- Liberty in the American system of government is not the right to define one’s own reality in defiance of the Creator. . . . But the human being, as a dependent creature, is not at liberty to redefine reality; instead, as the Declaration of Independence states, a human being is bound to recognize that the rights to life, liberty, and the pursuit of happiness are endowed by God. Those rights are not subject to a redefinition that rejects the natural order God has created.
- Citing Genesis 2:24 — The Obergefell majority’s false definition of marriage arises, in great part, from its false definition of liberty. Separating man from his Creator, the majority plunges the human soul into a wasteland of meaninglessness where every man defines his own anarchic reality. In that godless world nothing has meaning or consequence except as the human being desires. Man then becomes the creator of his own reality rather than a subject of the Creator of the Declaration.
- This false notion of liberty, which permeates the majority opinion in Obergefell, is the ultimate fallacy upon which it rests. In a world with God left out, the moral boundaries of Scripture disappear, and man’s corrupt desires are given full rein. The end of this experiment in anarchic liberty is yet to be seen. The great sufferers will be the children — deprived of either a paternal or a maternal presence — who are raised in unnatural families that contradict the created order.
- The invocation of “equal dignity” to justify the invention of a heretofore unknown constitutional right is just another judicial mantra to rationalize the invalidation of state laws that offend the policy preferences of a five-person majority.
- The majority opinion in Obergefell represents the culmination of a change in our form of government from one of three separate-but-equal branches to one in which the judicial branch now exercises the power of the legislative branch.
- The Obergefell majority, presuming to know better than the people themselves how to order the fundamental domestic institution of society, has usurped the legislative prerogatives of the people contrary to the Ninth and Tenth Amendments.
- In short, the majority acts not as a court of law but as a band of social revolutionaries. The Chief Justice, amazed at this presumption, exclaims: “Just who do we think we are?”
- The Chief Justice’s quotation of Justice Curtis’s Dred Scott dissent merits serious consideration. If acquiescence to Obergefell indicates that “we have no longer a Constitution,” then the legitimacy of Obergefell is subject to grave doubt. If five Justices of the Supreme Court may at will redefine the Constitution according to their own policy preferences, the mechanism of judicial review, designed originally to protect the rights of the people from runaway legislatures, has morphed into the right of five lawyers to rule the people without their consent.
- Indeed, as the Chief Justice warns, the plenary power the majority asserts to redefine the fundamental institutions of society offers no assurance that it will not give birth to yet further attacks on the social order.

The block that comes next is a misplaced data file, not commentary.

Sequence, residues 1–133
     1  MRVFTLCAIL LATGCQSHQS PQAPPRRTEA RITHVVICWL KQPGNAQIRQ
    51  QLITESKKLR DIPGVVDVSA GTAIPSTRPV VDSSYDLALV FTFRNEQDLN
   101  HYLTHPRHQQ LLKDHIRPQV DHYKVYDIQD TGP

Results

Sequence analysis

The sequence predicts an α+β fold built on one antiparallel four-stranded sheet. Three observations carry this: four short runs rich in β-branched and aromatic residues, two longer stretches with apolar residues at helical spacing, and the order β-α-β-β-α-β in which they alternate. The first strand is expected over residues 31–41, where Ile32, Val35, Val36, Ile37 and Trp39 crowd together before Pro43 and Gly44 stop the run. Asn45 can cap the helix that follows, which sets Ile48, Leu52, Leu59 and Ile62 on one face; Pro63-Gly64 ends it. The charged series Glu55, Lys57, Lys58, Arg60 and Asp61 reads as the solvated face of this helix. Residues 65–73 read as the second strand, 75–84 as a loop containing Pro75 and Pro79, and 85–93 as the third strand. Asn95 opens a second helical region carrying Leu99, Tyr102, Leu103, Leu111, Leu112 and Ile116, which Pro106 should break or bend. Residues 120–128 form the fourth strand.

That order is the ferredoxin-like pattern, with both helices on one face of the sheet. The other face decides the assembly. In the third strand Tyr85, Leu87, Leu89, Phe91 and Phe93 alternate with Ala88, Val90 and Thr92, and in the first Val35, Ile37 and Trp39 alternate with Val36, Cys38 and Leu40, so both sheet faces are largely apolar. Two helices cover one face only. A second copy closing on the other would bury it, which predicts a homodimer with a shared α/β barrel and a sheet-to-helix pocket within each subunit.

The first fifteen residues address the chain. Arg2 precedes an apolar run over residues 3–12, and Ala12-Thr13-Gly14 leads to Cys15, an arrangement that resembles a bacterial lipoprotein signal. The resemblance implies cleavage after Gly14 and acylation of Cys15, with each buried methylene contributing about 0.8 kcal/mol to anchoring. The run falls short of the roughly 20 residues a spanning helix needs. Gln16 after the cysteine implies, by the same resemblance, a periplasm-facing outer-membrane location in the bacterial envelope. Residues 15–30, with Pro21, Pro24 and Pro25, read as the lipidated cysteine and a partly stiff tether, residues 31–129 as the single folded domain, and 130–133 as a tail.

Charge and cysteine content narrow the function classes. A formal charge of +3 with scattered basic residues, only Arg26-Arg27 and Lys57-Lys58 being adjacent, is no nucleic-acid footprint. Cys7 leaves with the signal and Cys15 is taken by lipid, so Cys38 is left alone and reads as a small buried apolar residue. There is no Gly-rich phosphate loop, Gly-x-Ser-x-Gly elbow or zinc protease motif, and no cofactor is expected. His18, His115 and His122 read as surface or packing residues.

- If, as the Chief Justice asserts, the opinion of the majority is not based on the Constitution, do state judges have any obligation to obey that ruling? Does not their first duty lie to the Constitution?
- The right to change the form of government in this country belongs to the people themselves through the amendment process, not to judicial oligarchs.
- These metaphors identify the essence of the majority’s actions: an illegal displacement and usurpation of the democratic process. Chief Justice Roberts accuses the majority of imposing “naked policy preferences” that have “no basis in the Constitution.” Accordingly, the majority’s “extravagant conception of judicial supremacy” is “dangerous for the rule of law.” The unmistakable theme that emerges from these critiques is lawlessness.
- Justice Scalia also emphasizes the revolutionary character of the majority’s assault on the social order — elevating the “crime against nature” into the equivalent of holy matrimony. This decision, “unabashedly not based on law,” represents a “social upheaval” and a “judicial Putsch.” Justice Alito sounds the same themes. The Court has not unwittingly tread into forbidden territory; instead, it has acted “far beyond the outer reaches” of its authority, boldly trampling the right of the people “to control their own destiny.”
- For the last 50 years, the Supreme Court has consistently misused the Fourteenth Amendment to destroy state laws that protect the marital relation and its offspring. Obergefell is the latest fruit of this corrupt tree (refer to Matthew 7:17-18).
- Truly, the less basis the majority has for its innovations upon the Constitution, the grander is the language employed to justify them, as if high-blown rhetoric could compensate for the absence of constitutional substance.
- Obergefell is but the latest example of the Court’s creation of constitutional rights out of thin air in service of the immorality of the sexual revolution. Like Roe, Obergefell is no more than “an exercise of raw judicial power … an improvident and extravagant exercise of the power of judicial review that the Constitution extends to this Court.”
- Amendments to the Constitution are the business of the people pursuant to Article V; they are not the business of the Court under Article III. Truth may not always be clearly seen, but the majority’s reasoning should not blind us to the reality that the Court seems determined to alter this nation’s organic law.
- The definition of marriage as the union of one man and one woman has existed for millennia and has never been considered an “ill tendency.” By contrast, the Court’s attempt to redefine marriage is “a dangerous fallacy which at once destroys all religious liberty.”
- The Obergefell majority, conspicuously overlooking the “essential and historic significance” of the connection between religious liberty and “supreme allegiance to the will of God,” failed to appreciate the seriousness of imposing a new sexual-revolution mandate that requires Alabama public officials to disobey the will of God.
- Religious liberty, however, is about more than just “teaching” and “advocating” views of marriage. The majority condescendingly approves religious speech against same-sex marriage but not religious practice in conformity with those beliefs. As Chief Justice Roberts states in his dissent: “The First Amendment guarantees … the freedom to ‘exercise’ religion. Ominously, this is not a word the majority uses.”